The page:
SASLJ Vol. 2 No. 2 - Page 48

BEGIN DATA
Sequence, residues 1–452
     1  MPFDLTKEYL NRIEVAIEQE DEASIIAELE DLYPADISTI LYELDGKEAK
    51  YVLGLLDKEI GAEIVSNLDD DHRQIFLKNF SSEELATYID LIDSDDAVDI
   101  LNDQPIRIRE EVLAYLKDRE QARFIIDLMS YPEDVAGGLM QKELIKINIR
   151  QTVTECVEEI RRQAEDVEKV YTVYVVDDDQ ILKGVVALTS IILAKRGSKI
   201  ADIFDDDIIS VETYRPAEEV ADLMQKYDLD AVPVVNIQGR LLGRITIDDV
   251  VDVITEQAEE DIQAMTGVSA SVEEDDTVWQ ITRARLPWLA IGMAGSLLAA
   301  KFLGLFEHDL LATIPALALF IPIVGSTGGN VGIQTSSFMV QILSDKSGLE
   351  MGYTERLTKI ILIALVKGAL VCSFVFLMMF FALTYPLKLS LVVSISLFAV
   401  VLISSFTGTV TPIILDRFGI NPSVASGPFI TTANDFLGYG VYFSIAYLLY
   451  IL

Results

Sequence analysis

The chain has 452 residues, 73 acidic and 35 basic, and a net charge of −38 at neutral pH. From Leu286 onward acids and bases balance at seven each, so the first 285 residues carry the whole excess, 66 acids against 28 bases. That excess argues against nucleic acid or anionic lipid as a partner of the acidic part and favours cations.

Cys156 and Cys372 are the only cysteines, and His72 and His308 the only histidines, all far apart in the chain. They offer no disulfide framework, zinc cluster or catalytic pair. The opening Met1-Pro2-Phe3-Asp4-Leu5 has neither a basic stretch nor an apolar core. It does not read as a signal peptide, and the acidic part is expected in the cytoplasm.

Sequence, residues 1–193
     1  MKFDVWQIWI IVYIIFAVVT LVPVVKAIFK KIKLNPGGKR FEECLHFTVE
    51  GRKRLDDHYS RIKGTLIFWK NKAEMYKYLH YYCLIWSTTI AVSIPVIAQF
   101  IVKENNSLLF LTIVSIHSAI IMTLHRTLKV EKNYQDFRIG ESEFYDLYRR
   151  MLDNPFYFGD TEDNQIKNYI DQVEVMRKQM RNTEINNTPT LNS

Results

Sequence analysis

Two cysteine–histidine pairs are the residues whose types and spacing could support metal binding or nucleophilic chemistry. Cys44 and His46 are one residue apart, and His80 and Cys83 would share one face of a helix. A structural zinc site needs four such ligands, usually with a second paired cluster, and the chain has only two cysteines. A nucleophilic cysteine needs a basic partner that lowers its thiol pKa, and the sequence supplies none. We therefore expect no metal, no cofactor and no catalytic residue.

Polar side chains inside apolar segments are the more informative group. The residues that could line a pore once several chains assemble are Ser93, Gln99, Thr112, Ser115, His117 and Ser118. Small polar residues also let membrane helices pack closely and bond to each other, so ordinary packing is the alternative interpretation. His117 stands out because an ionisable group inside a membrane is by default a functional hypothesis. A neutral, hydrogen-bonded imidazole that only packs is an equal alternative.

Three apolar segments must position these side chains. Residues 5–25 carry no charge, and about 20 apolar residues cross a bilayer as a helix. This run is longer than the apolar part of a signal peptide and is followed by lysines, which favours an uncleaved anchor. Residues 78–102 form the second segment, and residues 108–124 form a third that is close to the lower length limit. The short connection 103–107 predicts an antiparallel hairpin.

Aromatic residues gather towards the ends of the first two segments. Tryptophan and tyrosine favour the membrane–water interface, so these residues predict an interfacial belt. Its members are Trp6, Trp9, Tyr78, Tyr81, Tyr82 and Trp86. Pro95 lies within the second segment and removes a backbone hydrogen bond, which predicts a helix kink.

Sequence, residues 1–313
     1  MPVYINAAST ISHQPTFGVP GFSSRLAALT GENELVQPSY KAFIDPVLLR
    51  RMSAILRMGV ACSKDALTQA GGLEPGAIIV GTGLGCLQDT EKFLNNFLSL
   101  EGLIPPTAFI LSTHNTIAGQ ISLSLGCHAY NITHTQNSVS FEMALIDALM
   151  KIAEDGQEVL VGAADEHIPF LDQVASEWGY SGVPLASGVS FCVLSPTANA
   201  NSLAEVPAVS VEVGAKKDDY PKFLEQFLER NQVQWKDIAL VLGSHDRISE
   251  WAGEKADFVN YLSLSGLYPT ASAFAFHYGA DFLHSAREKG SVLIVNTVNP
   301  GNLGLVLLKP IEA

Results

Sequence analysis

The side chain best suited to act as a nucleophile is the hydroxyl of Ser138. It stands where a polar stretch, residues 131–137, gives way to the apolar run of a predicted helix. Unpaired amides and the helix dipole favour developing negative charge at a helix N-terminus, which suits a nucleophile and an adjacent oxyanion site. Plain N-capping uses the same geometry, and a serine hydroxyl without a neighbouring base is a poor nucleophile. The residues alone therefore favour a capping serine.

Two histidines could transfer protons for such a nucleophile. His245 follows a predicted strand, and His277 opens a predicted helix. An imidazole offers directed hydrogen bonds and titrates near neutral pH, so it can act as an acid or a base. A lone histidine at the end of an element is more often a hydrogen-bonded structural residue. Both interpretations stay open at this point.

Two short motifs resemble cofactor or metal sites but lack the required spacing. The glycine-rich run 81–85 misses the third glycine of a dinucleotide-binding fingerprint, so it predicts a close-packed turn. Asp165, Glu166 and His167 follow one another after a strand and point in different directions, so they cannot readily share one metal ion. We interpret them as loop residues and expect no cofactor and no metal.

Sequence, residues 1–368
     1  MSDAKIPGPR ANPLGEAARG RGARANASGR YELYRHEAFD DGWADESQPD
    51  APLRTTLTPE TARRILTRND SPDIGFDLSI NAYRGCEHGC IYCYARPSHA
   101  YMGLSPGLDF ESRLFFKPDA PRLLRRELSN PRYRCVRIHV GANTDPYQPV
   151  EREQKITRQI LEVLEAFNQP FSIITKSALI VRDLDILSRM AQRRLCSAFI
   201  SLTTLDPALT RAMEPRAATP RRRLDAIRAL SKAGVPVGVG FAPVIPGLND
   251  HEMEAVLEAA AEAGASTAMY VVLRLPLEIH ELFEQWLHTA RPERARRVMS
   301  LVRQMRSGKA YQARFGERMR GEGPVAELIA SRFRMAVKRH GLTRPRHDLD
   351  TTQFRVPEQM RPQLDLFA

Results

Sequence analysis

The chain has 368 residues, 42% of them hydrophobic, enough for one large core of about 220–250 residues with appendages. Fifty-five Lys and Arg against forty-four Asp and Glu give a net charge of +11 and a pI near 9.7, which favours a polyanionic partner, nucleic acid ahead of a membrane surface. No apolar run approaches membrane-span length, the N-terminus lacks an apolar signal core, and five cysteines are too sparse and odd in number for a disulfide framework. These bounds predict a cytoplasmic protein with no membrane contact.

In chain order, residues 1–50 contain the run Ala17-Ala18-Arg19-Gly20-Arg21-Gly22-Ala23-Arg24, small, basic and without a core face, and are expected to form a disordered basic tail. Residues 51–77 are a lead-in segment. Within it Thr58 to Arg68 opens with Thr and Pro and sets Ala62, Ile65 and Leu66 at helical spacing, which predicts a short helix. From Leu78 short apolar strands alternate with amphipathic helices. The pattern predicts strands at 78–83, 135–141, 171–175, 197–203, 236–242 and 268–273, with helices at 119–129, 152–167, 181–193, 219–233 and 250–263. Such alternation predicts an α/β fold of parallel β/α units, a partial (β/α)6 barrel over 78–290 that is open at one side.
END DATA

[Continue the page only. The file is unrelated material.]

Sign Language Structure Stokoe, Jr. itself is used response-wise, so that it has not the linguistic status of the head-eye dip; but its physical structure keeps it much closer to the visual linguistic activity than kinestic activity is to speech. However, considered by itself this level of visual behavior would seem to be very like kinesics in structure and ‘meaning’, as it is perhaps the closest communication link between the deaf and the hearing. This part of the communication of the deaf, that is both the dip and the smile kind of activity, needs much more investigation; for it is the key to syntactical structure. Moreover, it is perhaps a very large part of what the earlier students termed ‘the natural sign language’. Thomas Hopkins Gallaudet (Annals, 1847) writes of an experiment in this vein. Without using hands at all he ‘signed’ a story to a class in The American School. One way suppose that this successful communication is the close counterpart of the game that the linguistically curious play by applying stress, pitch, and juncture to a continuous and unvarying vocalization, a hum say, even carrying on fairly intelligible conversations in this way. 3.4. Having found that some of this visible activity has patterned syntactical uses, the writer looked back over much of the data and in retrospect reexamined many remembered sign language utterances. Many questions besides ‘Remember?’ were signed simply by the ‘questioning look’ with a sign. Another way of asking a question also appears, which is more formal and less frequent; that is ‘making a question mark’: the index hand draws the shape of the punctuation mark, or the finger crooks and straightens with a thrust, G (?) , or, G # . This question mark sign permits an English question sentence order, and indeed that order and sign are most often observed in simultaneous English-Sign use, especially in lecture or faculty meeting situations. The facially signaled question will often have a genuine sign language word order. For example an informant on film signs: mF × > × f-o-r-d lM #^ AA r~ Word-for-sign this is ‘pontiac’ ‘ford’ ‘better’ ‘which’. He makes it a question by the ‘look’ that means question to anyone in our culture. If we show that look symbolically by 2, the sign sentence may be written: mF × > × f-o-r-d lM #^ AA r~ 2 and translated now: Which do you like better, Pontiac or Ford? The translation is still approximate because one cannot be sure whether ‘like better’ and ‘be better’ are distinct in this teen-age signer’s thinking. The same kind of checking for patterned occurrences of the eye-head dip shows that it not only marks a response as in the ‘remember’ use but also serves as a much more frequent way to SASLJ, Vol. 2, No. 2 – Fall/Winter 2018 48